Q:     Do you have any direct relations with Ultron?

EO:    I think our relationship to Ultron will not be shared.  [LAUGHING.]  Yeah.


Q:     Does your character also have the ability to see into their nature on whether they are good or bad?

EO:    Well, I think that what I'd like to answer that is that I think we can know so many things about someone but not know maybe what they're capable of is, in terms of being bad or good, and I think everyone has maybe good intentions, but they do bad things.  So I don't, she can't, I don't think anyone differentiate that.


Q:    When you were first meeting with Joss and talking about costume ideas, and he was pitching the character to you, did he pitch you like an overall plan saying here are some things on the course of this character's life in these films?

EO:    No, it's more, it was more like here's what we're going to do with this film, and then just while we've been on set, I just like making jokes like wouldn't that be awesome if that happened to you later at a different time?  Ah, that's about it.  It's been really, I have like the story that we wanted to achieve that she almost creates on her own in the comics is just so awesome and so, I'm sure it'd be so fun to play with him.  I would love to, to do more, you know. 




Interview with Aaron Taylor-Johnson, who plays Pietro Maximoff, aka Quicksilver

Q:    Can you talk about your Easter European accent?

ATJ:    I can.  We're doing one.  Uh, whether they decide to re-ADR that in the end, I don't know, you know.


Q:    If you wouldn't mind, can you demo it?

ATJ:    I can't.  I don't think I can do that but um, you know, um, you know, has been fun.  Me and Lizzy have been, um, doing dialect coaching, uh, together and trying to get that, uh, the sound, you know, similar to, playing Twins, brother and sister, but just, uh, her being American and me British.  But um, yeah, it's fun, when I spoke to Joss about it a long time ago and he approached me for the role, um, it was one of the things I kind of wanted to -- to keep, you know.

One of them was, uh, I wanted to have white, silver kind of hair to look like the Character and the other one was that if i could kind of embrace the sort of, the roots, where he's from, you know, being Eastern European, it would be great to do some kind of accent to impart that kind of feeling so -- so I'm glad that we're doing it but like I said, you know, they might screen it and go what are they saying?  So uh, you never really know so I'd like to think that they'll keep it there and you know, the Marvel guys, um, they totally understand.  It comes to their Characters, you know, they're -- they're a Studio that really care about their Characters and uh, have real Creative input and uh, you know, and are totally for that.  But you always, at the end of it, you know, you always want what's best so we'll see, we'll see so hopefully it will continue on that route.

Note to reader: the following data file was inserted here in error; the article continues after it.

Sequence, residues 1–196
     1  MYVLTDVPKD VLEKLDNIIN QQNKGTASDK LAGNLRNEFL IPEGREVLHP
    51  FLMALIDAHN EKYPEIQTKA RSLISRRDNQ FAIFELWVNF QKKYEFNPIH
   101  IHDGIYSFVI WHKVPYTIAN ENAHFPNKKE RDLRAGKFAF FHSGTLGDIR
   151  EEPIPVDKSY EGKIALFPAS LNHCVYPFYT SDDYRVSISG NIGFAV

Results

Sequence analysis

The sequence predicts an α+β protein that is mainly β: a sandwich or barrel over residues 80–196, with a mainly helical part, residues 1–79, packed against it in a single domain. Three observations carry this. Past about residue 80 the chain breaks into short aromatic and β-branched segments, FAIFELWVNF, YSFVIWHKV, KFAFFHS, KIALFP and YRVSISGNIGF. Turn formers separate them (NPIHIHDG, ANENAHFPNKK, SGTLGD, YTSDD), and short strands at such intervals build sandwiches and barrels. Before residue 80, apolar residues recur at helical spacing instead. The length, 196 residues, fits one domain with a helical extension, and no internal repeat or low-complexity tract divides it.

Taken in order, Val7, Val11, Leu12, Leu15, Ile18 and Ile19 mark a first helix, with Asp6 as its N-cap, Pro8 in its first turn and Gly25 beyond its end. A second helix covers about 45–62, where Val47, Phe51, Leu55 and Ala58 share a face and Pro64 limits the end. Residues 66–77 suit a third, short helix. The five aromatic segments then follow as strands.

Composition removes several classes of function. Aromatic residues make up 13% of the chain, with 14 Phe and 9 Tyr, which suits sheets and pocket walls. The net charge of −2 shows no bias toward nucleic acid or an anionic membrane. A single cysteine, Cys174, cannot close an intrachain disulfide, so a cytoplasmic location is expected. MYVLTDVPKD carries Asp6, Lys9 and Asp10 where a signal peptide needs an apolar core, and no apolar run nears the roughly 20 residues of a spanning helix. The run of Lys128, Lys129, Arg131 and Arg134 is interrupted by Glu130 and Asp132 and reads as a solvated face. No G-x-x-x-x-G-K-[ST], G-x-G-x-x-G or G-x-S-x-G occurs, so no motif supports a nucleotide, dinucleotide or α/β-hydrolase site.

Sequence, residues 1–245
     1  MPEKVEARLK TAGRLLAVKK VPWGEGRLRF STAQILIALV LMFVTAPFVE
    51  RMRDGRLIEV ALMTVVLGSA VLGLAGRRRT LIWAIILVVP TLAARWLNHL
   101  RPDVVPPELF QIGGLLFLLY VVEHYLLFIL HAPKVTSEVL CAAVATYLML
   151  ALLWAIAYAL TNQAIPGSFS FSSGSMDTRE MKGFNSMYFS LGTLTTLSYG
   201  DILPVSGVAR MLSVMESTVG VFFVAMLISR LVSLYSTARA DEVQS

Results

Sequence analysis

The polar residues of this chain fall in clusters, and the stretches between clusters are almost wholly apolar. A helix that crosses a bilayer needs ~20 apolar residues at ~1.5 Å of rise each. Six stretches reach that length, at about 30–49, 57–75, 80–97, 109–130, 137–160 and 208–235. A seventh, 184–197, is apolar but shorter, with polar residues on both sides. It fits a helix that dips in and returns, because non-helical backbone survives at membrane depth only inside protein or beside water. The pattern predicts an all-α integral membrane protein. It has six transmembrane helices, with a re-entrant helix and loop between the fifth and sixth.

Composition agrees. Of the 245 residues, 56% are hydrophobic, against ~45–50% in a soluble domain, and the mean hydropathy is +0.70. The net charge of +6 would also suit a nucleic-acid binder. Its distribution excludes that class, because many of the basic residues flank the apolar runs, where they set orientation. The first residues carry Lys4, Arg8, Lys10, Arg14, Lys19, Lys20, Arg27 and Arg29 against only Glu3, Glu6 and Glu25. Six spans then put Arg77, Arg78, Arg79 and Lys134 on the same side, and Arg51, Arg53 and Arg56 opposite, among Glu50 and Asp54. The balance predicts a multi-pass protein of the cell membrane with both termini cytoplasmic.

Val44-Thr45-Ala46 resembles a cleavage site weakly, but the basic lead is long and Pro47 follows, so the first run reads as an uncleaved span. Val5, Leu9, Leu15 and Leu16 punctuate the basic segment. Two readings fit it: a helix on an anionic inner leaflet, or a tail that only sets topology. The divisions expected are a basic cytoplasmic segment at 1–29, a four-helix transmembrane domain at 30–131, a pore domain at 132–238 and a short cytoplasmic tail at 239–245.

Q:    How much reading did you do of the comics to see what the character is like? Did you have to see what the Studios would like or...

ATJ:    Yeah, yeah, some of the original stuff, sort of a mixture of things.  Um, obviously the Character sort of jumps in and out of different Universes being like in their sort of, uh, mutant world and all that, which obviously we don't embrace cause of being with Fox and that extent um, as you're all aware, that's no sort of secret, you know.  So um, but yeah, I take bits of, you know, pieces that have been done in History and all sort of Comic Books to kind of get essence and the sense of, um, Pietro as a Character but rather than like Quicksilver just in the sense of Oh Yeah Superhero Powers that he runs faster than the Speed of Sound but you know but what's he really like and um, and uh, and kind of get to the depths of him and um, wonder and that sort of like, uh, Travelers and you know, they have to look out for themselves and uh, it's a -- it's a really close, intimate relationship but then they sort of, uh, um, it can be seen in many ways, you know.

And also that sort of Mother and Father, the kind of figure.  He's very sort of protective of her in a kind of physical way and her more in a psychological way so you know, and we try and embrace that and uh, yeah, there's a lot of stuff that could pick up from and one of the ones I like that's now offered is moreso was -- was the ultimate really because, uh, I think that kind of ties in more with what they've been doing recently with the Avengers, it's more keeping in tone with it.


Q:    So your power set is really something we haven’t seen in these movies before. We’ve seen super speed in other films. It really feels still like there’s ground to be broken. Physically how do you prep for that and work with the team to figure that out?

ATJ:    I run a lot.  Uh, and um, yeah, we, um, yeah, we've done it before.  Right now, I think they're gonna play around with, um, maybe getting into kind of Quicksilver time, which would be sort of my point of view and uh, and seeing, uh, and -- and kind of playing around with that.  Um, like I said, that's another thing that it's experimental really.  You know, you try and you know, that's the great thing with these things, with new powers and things like that, that you can really play with that sort of stuff.  Uh, we did a lot of testing with, uh...  The first time we did a running test, I was on like on this, what's essentially like a running machine but it was a huge Lorry sized rig which this, you know, something, the width of this but it was, uh, something that they sped up and it was a great big running machine, and they had me on a -- on a harness on a Green Screen.